We arrived, and met with the rest of our team: Ruth’s brother Owen, his girlfriend Cat and his friend Danny, JTA’s sister Harriet (who’d come over on the train from Lyon, where she’s studying right now), and my sisters Sarah and Becky. We also met our chalet host Dan, who – over the course of the week – put up with a great deal from us (not least our dinnertime conversations about duck rape, racial stereotypes, sex toys, self-defecation, and worse) and still stood there with a smile as he served us the most spectacular meals imaginable.

Owen shows Becky what it means to be "Double Bubbled". She remains unimpressed.
Owen shows Becky what it means to be “Double Bubbled”. She remains unimpressed.

And that’s without even mentioning “Double Bubble”, a game that Owen and Cat invented which seems to involve pinning people and tickling them. They claim that it’s the cause of the jumping, yelping, and screaming sounds coming from their bedroom on an evening, but I’m not convinced.

Looking over the valley from the summit of Chamossiere.
Looking over the valley from the summit of Chamossiere.

My first impression of the slopes of the Les Gets-Morzine area were that they were a little heavily geared towards intermediate skiiers, with lots of blue and red runs criss-crossing the mountains around the bowl-shaped valley, but before long I’d found my way out to some of the aggressively-mogul-ridden and steeper black and red runs that found out towards the edges of the resort.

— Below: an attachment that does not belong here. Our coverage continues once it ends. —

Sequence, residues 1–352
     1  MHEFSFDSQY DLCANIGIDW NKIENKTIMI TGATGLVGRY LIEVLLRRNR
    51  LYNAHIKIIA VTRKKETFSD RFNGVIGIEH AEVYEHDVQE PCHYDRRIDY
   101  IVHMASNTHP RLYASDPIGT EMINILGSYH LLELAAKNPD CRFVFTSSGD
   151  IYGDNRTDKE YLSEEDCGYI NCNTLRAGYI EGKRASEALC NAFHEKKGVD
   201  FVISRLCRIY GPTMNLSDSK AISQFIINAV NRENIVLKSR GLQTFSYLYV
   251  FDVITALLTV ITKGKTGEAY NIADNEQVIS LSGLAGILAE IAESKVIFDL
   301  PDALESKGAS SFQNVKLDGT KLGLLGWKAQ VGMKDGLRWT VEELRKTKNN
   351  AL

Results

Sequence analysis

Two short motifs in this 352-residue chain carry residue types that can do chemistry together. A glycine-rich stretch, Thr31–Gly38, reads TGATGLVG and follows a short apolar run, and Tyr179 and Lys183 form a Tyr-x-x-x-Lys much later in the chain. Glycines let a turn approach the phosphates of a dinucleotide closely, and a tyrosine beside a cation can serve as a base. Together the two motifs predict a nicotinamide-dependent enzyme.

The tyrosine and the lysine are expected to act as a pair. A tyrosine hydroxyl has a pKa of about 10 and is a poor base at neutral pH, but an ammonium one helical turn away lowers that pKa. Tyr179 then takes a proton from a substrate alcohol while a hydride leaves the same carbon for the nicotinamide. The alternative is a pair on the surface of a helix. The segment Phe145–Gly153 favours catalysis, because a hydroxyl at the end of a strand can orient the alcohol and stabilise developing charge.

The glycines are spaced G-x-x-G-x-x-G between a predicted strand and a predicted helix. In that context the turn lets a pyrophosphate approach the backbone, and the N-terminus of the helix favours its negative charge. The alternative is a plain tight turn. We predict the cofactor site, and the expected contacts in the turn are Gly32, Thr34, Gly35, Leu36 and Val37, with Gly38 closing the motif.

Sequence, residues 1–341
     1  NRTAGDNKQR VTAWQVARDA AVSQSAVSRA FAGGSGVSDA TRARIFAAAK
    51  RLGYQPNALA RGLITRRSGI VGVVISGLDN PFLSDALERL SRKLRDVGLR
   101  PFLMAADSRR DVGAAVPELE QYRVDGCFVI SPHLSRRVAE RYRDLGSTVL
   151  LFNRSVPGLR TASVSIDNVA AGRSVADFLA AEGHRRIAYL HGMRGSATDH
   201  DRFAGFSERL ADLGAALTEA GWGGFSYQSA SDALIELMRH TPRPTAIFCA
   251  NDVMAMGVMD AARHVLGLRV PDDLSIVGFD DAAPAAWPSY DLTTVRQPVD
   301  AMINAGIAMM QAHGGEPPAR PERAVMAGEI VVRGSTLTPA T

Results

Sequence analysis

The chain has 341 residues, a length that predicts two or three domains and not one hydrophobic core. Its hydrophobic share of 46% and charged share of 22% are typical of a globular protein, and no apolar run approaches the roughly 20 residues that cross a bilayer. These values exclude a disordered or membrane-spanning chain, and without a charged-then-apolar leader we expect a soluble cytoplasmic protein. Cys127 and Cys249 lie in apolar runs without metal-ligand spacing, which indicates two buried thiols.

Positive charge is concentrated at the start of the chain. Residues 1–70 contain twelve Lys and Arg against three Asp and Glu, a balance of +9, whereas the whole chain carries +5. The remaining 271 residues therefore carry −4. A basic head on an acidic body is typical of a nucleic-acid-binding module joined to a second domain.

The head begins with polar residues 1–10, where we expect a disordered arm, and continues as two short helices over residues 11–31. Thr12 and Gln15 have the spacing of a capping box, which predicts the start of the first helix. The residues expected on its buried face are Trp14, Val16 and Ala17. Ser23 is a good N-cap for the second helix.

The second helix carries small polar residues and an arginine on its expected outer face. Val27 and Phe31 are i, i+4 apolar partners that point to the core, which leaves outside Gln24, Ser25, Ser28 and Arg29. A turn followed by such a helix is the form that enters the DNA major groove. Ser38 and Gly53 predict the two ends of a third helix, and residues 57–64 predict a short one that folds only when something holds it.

Harriet, tangled around herself and buried in a snowdrift.
As a new skier, Harriet spent an incredible amount of time buried in snowdrifts, laying on her back, or tangled around a tree. It’s all part of the learning process.

It was particular fun to get out skiing with Sarah again, for the first time in years, and to finally prove to myself something that I’ve suspected for a while: that while my skiing ability is close to peaking, Sarah’s still continuing to improve and is by now a better skiier than I am. As we hammered our way down some of the roughest, fastest runs we could find on the final day before she and Becky returned to the UK, she’d pull ahead and it would be everything I could muster to keep up and keep control.